This Thing Called Easter

Easter is one of the most important festivals on the Christian calendar and most Christians pretty much agree on this one*. The manner in which it’s celebrated has, as could be expected, been analysed, discussed and argued over for millennia in a singularly un-Christian fashion, so much so that the meaning seems to have been lost along the way. As far as I’m concerned, Easter is one of those rare occasions when commerce actually does something good by reminding everyone that Easter isn’t only

about the crucifixion but also about the Resurrection & ultimately about love. So have a glorious time this Easter and enjoy eating your chocolate eggs & rabbits; have a ball baking hot-cross buns, pastiera’s & simnel cakes and, weather permitting, have long picnics & Easter lunches al fresco; do take care with the choccie eggs and the kids because there’s nothing worse than revved up kids at the end the end of great day. Easter and Passover are inextricably linked to one another because the Last Supper was, in fact, the Passover meal where Jesus shared bread & wine with His disciples and where, according to 1 Corinthians 5, verse 7, the disciples were told to “get rid of the old yeast that you may be a new batch without yeast—as you really are. For Christ, our Passover lamb**, has been sacrificed” ……  the words referring to the fact that no yeast was permitted in the Jewish home at that time and simultaneously to Jesus as the Easter lamb.



  • 1 x 2 kg leg of lamb
  • 2 tbsp clear honey of your choice
  • 2 large onions,  thickly sliced into rings
  • 5 rosemary sprigs, broken up – if you really rosemary, use more
  • Extra virgin olive oil
  • Sea salt and freshly ground black pepper to taste


  • Pre-heat the oven to 200 C.
  • Place the onion slices into a roasting tray with about 120 ml water and a little salt and pepper to taste.
  • Place the lamb on top of the onions and massage the surface well with the oil and then the honey before stabbing the skin section of the lamb with a thin sharp knife to make little slits.
  • Stuff the rosemary sprigs into the holes and then season the lamb well to taste.
  • Depending on how you like to eat your lamb, roast for 80 minutes for rare and 95 minutes for medium (if you really want to cook it well, anything from 110 minutes upwards will do the job).
  • Make sure that you baste the lamb every now and again with the pan juices and if it becomes to dark, cover lightly with foil.
  • As soon as it’s cooked to your taste (remember that the meat continues cooking while it’s resting) remove from the roasting dish, and allow to rest – cover it if you are afraid that it will cool down too much.
  • Serve with roast potatoes and use the pan juices for gravy.

Easter is a moveable feasts (not fixed in relation to a civil calendar but it’s usually celebrated between the 22nd of March and the 25th of April) because it’s celebrated on the 1st Sunday after the full moon; most religious celebrations don’t celebrate the date but rather the event, though, and then it depends on whether you’re using a Julian or Gregorian calendar. There have been many speculations about the origins of words and the word Easter is no less encumbered; it could originate from the old English word Eoaster – a reference to an Anglo-Saxon goddess of the same name but, if you dig hard enough, you’ll find a pagan root*** for most of the words in use nowadays. Through the ages, Christians have celebrated the period in many different ways, much like today but the early Christians didn’t seem to celebrate or observe it, suggesting that it evolved over a period of time starting some time after the Apostolic Age (the period in which the apostles were alive & Jesus was born in 25 – 25 AD & the time John died (around 100 AD). It was celebrated in different ways over the ages depending entirely on the moods and the whims of the popes at first and then later, the moods, the whims and the egos of the many men of the cloth. Today I’m looking at how some countries around the world celebrate Easter:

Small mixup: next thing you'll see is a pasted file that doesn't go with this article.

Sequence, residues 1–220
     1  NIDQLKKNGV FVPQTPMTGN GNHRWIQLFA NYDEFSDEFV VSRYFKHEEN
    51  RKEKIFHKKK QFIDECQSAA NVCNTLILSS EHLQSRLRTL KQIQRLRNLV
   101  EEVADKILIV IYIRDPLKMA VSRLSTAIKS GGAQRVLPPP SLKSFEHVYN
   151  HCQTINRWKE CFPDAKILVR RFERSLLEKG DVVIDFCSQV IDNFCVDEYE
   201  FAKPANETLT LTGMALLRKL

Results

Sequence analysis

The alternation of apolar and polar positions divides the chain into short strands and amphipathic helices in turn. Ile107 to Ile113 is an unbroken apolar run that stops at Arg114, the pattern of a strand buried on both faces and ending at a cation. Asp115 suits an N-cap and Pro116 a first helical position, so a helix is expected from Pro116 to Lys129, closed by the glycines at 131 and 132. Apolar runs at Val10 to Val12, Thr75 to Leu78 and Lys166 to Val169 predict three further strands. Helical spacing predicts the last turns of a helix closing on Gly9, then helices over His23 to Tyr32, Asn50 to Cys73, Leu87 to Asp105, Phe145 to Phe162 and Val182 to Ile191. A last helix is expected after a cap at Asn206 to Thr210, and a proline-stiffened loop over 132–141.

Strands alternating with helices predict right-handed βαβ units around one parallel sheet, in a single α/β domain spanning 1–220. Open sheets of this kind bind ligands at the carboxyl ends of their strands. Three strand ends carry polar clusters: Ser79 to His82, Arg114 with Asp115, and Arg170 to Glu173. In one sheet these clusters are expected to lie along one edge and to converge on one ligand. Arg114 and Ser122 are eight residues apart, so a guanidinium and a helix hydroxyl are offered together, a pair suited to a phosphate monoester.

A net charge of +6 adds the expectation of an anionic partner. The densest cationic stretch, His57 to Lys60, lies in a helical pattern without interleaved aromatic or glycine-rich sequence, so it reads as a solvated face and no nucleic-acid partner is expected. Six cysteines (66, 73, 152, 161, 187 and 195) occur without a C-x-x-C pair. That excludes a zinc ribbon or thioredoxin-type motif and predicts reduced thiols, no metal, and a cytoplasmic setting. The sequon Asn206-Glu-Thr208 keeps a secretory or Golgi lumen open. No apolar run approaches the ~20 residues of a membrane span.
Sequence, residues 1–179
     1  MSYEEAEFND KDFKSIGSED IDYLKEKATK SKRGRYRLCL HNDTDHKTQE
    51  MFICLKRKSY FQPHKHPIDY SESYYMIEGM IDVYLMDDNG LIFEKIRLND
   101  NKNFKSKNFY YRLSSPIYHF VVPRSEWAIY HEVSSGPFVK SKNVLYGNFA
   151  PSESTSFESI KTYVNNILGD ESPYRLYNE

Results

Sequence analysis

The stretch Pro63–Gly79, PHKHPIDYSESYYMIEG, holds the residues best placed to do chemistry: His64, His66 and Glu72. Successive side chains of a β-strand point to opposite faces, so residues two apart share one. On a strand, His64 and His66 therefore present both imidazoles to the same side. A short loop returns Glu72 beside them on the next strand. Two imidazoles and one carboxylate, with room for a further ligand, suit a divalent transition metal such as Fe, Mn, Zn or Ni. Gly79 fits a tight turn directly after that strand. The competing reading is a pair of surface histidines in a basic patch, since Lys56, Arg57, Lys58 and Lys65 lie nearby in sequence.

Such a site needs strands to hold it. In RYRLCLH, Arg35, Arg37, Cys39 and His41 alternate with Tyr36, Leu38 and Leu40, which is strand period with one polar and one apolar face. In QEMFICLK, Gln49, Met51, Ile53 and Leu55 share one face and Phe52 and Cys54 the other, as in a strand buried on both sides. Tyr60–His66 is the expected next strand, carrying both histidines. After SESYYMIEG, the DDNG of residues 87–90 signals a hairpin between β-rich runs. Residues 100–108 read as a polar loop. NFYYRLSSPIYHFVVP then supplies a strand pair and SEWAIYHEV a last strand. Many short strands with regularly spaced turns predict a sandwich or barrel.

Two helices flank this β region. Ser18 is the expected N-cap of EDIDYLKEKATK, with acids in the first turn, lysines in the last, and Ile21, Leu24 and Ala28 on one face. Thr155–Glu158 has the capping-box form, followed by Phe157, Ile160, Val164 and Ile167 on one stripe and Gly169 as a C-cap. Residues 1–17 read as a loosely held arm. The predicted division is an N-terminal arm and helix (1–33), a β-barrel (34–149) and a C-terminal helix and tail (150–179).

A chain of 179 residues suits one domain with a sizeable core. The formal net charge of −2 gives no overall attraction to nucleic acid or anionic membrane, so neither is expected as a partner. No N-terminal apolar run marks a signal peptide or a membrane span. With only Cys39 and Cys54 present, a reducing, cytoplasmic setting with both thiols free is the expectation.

• 2,5 kg leg of lamb
  • 2 kg potatoes, peeled
  • 6 slices prosciutto (like Jamon Iberico or St. Danielle ham or whatever you can get hold of)
  • 1 large lemon, grated zest and juice
  • 4 garlic cloves
  • 2 well sized sprigs fresh rosemary – tear the needles off
  • 1 – 2 heaped tbsp softened butter
  • 500 ml home made vegetable stock


  • Heat the oven to 230 C.
  • Make incisions on the skin side of lamb using a long sharp knife.
  • Blend the ham, the garlic, the lemon zest and half the rosemary in a food processor, season it with salt and freshly ground black pepper and push the mixture into the incisions in the lamb.
  • Break the rest of the rosemary into tiny sprigs and push a prig into some of the incisions before spreading the butter over the surface of the meat, seasoning well.
  • Season the potatoes to taste, arrange in your roasting dish and pour the stock and lemon juice around the potatoes.
  • Place the lamb on top of the potatoes and roast for 15 minutes – turn the heat down to 180 C and roast for another hour and 15 minutes.
  • Test and remove from the roasting dish – set aside for 15 minutes to rest in a warm place.
  • In the meantime make gravy by heating butter and olive oil in a saucepan, add the onions and fry until they are golden brown and then add the flour, stirring well to prevent the lumps – pour in the red wine and reduce it by half.
  • Now add the stock and the redcurrant jelly and simmer for about 5 minutes – serve this with lamb and potatoes.

  • Easter is very important to Italians and many of the rites are steeped in ancient pagan rituals; on Palm Sunday the churches are decorated with huge baskets of palm leaves and olives that, once blessed, are handed out to the congregation & St. Peters square in Rome is packed to the hilt with crowds trying to catch a palm leaf blessed by the Pope. Scoppio del carro (explosion of the cart) is a traditional Florentine celebration. The agnellino (roasted baby lamb) will be on most menus with the Colomba (a dove shaped sweet, light bread) a more popular gift than the eggs. Italian Easter eggs are something to behold & usually large containing equally large gifts.